06 Jan Case Study: Albert Wambugu
One of the goals of the Simama Project is to celebrate the children that we work with in a positive light. We are opposed to the marketing of children as victims and instead choose to focus on their successes.
However, we also believe that it is very important that our supporters understand the situations that some of our children come from and their experience leading up to their time with Simama.
With that in mind we will be featuring several posts from some of our students telling their stories in their own words. The students featured have agreed to share their experiences with the public. This is in no way a requirement for them to be involved in our program and the children can choose whether or not they would like to participate and what they would like to share/withhold. There are only slight grammatical edits for clarity and, occasionally edits for appropriate content. All parenthetical statements have been added by the editor for clarification.
That being said, I would like to introduce another one of our most promising young students, Albert Wambugu.
Here is Albert in his own words.
1. Tell us a little bit about yourself
I was born in 1999 in a small village which is located in Nyeri. When I was 6 years old I started my education in a small nursery close to my home. When I was 6 years old my parents had a domestic violence and they divorced. From that moment I was left with my 3 years old sister and I had to take care of her. After a while my mother came back and took my sister with her. Regarding my father, he was very often coming home drunk and that is when I decided to run away from home and join the streets.
One bright morning I found a young man called Matt Orcutt who I could read between the lines that he was a good man and I was all right! He told me that he could help me make my dreams come true and that he would take me back to school.
I actually went back to school and I just scored 354 out of 500 on the national exam known as Kenya Certificate of Primary Education, now I’m very looking forward to join secondary school in 2017.
(*A score of 354 on the KCPE is very high! The national average was well below 250 this year)
2. What famous person do you admire and why?
I admire our president Uhuru Kenyatta because he has good heart, he really wants to eradicate poverty in the small communities.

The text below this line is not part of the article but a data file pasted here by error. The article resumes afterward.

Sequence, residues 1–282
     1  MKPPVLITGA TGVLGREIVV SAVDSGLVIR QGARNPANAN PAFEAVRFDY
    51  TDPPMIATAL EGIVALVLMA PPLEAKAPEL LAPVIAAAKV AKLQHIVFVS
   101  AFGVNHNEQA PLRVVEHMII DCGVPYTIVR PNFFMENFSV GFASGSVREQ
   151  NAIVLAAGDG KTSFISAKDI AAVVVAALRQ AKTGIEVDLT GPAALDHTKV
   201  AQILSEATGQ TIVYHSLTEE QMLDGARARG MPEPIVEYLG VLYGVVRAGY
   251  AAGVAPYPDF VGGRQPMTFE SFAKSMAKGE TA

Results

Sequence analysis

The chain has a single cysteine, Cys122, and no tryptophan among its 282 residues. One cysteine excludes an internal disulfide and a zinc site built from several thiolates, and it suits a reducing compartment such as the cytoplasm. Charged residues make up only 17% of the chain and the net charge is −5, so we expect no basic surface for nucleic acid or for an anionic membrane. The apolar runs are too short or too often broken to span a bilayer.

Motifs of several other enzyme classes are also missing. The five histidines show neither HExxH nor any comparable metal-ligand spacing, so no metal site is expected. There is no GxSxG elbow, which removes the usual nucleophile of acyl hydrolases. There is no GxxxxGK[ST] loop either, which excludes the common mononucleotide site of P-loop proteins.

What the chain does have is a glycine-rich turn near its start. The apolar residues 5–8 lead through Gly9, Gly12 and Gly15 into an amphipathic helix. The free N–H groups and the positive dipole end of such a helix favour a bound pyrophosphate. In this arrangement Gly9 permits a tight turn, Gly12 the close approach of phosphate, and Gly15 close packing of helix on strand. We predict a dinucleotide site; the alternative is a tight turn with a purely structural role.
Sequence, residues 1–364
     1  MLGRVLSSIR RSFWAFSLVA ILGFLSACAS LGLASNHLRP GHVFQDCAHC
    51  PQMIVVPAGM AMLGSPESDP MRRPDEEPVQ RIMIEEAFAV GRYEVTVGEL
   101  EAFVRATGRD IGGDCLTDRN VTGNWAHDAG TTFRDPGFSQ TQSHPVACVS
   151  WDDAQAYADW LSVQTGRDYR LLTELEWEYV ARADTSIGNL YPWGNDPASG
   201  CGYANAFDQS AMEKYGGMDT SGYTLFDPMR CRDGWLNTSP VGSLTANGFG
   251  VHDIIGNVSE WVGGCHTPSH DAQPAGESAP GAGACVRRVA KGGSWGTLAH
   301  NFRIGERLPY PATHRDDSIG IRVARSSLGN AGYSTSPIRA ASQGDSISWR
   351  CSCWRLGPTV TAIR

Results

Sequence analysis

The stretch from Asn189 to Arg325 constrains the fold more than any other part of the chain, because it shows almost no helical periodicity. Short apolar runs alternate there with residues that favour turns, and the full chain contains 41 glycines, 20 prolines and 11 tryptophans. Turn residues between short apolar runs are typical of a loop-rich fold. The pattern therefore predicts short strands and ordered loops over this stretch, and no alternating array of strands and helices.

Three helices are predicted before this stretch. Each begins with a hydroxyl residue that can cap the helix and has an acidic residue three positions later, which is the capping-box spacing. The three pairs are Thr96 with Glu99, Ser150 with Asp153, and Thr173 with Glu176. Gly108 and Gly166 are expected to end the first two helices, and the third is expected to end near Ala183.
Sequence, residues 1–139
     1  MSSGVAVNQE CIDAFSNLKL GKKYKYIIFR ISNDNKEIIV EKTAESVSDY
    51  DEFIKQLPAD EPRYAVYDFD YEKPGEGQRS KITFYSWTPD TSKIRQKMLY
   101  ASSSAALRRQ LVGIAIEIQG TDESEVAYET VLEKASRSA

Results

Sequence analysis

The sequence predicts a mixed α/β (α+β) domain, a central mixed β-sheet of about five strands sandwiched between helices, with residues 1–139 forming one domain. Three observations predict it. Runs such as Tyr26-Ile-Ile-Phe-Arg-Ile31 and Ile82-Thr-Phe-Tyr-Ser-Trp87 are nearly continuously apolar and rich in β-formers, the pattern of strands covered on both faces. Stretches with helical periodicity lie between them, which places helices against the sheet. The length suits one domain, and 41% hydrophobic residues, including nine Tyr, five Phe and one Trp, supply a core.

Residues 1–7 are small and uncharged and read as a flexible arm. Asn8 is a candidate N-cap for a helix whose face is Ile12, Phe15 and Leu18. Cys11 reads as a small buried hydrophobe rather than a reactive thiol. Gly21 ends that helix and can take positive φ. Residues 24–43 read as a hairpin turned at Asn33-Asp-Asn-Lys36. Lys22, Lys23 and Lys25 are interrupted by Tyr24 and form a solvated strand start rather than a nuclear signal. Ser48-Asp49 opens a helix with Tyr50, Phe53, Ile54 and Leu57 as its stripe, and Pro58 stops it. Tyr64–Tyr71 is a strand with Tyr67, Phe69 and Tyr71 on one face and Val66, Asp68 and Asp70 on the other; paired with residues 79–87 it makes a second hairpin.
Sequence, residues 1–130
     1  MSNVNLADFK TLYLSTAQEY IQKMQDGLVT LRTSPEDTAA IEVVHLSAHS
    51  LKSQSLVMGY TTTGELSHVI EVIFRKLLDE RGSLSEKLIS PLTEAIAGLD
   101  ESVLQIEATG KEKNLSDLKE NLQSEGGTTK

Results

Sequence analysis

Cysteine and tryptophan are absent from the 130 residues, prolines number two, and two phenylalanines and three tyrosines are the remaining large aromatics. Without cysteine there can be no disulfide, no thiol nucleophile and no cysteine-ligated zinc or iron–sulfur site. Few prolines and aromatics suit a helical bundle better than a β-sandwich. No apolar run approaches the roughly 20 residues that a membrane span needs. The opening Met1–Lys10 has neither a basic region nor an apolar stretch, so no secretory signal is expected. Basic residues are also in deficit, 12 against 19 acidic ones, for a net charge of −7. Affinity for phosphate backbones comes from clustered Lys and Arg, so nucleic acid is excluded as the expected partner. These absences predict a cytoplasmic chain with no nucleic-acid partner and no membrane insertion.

3. What is your favorite subject at school?
I really like Math and Social Studies. Math might be boring for some people but you only need persistence to understand the tricks.
Regarding Social Studies I like the fact that the world is so big and contains different people with different mentalities and different ways to conduct their lives.
4. What is your best quality?
I’m very respectful, generous and hard working
5. What do you want to become when you are an adult and why?
I want to be an engineer because there are a lot of well paid opportunities for engineers, so I will be able to eradicate poverty in my family and in the whole community.
6. What do you like the most about Simama Project
The way they take care of the children in the transition home, and the way the kids start loving their Simama brothers.
7. What do you like the most about Kenya
In Kenya we are blessed with a variety of beautiful sceneries such a sandy beaches, we Kenyans are very hard workers; Harambee is our motivation to work as a team. It also means the spirit of working together and fight against proverty.
8. How do you think you can best contribute to make the world a better place
By attending school and by creating awareness in the villages of the importance of education.
9. What do you think that government can do to eradicate poverty?
Providing job opportunities and loans to farmers so they can trade their agricultural products; endorsing security in the cities; providing homes for the elder people and orphanages for street kids.